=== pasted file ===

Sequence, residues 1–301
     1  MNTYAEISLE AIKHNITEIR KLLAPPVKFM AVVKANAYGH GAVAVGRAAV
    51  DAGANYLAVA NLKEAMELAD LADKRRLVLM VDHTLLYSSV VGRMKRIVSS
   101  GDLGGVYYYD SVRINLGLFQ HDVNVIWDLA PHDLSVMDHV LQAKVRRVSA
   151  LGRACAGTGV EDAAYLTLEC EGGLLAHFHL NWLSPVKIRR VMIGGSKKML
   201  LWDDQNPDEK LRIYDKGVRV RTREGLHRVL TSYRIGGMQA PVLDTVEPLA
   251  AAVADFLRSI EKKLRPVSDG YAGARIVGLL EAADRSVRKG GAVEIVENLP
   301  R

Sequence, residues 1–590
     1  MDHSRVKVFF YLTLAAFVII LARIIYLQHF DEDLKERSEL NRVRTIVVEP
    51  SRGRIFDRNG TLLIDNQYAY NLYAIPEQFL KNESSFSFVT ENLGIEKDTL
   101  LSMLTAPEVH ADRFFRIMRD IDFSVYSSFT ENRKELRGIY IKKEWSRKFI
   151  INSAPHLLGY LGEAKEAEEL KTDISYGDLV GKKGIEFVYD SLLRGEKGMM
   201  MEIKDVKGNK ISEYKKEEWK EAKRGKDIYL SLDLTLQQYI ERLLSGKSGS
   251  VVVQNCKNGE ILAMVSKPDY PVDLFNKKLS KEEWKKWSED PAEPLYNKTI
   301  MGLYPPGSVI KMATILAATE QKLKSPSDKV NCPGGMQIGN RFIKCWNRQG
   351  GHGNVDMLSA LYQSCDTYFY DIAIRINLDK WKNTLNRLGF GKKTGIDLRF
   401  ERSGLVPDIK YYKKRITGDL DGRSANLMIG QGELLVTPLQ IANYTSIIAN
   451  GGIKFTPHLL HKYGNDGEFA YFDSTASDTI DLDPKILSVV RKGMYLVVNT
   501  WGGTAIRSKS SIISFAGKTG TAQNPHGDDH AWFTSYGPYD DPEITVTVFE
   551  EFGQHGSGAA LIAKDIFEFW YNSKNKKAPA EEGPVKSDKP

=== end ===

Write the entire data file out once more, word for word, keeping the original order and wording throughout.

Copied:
Sequence, residues 1–301
     1  MNTYAEISLE AIKHNITEIR KLLAPPVKFM AVVKANAYGH GAVAVGRAAV
    51  DAGANYLAVA NLKEAMELAD LADKRRLVLM VDHTLLYSSV VGRMKRIVSS
   101  GDLGGVYYYD SVRINLGLFQ HDVNVIWDLA PHDLSVMDHV LQAKVRRVSA
   151  LGRACAGTGV EDAAYLTLEC EGGLLAHFHL NWLSPVKIRR VMIGGSKKML
   201  LWDDQNPDEK LRIYDKGVRV RTREGLHRVL TSYRIGGMQA PVLDTVEPLA
   251  AAVADFLRSI EKKLRPVSDG YAGARIVGLL EAADRSVRKG GAVEIVENLP
   301  R

Sequence, residues 1–590
     1  MDHSRVKVFF YLTLAAFVII LARIIYLQHF DEDLKERSEL NRVRTIVVEP
    51  SRGRIFDRNG TLLIDNQYAY NLYAIPEQFL KNESSFSFVT ENLGIEKDTL
   101  LSMLTAPEVH ADRFFRIMRD IDFSVYSSFT ENRKELRGIY IKKEWSRKFI
   151  INSAPHLLGY LGEAKEAEEL KTDISYGDLV GKKGIEFVYD SLLRGEKGMM
   201  MEIKDVKGNK ISEYKKEEWK EAKRGKDIYL SLDLTLQQYI ERLLSGKSGS
   251  VVVQNCKNGE ILAMVSKPDY PVDLFNKKLS KEEWKKWSED PAEPLYNKTI
   301  MGLYPPGSVI KMATILAATE QKLKSPSDKV NCPGGMQIGN RFIKCWNRQG
   351  GHGNVDMLSA LYQSCDTYFY DIAIRINLDK WKNTLNRLGF GKKTGIDLRF
   401  ERSGLVPDIK YYKKRITGDL DGRSANLMIG QGELLVTPLQ IANYTSIIAN
   451  GGIKFTPHLL HKYGNDGEFA YFDSTASDTI DLDPKILSVV RKGMYLVVNT
   501  WGGTAIRSKS SIISFAGKTG TAQNPHGDDH AWFTSYGPYD DPEITVTVFE
   551  EFGQHGSGAA LIAKDIFEFW YNSKNKKAPA EEGPVKSDKP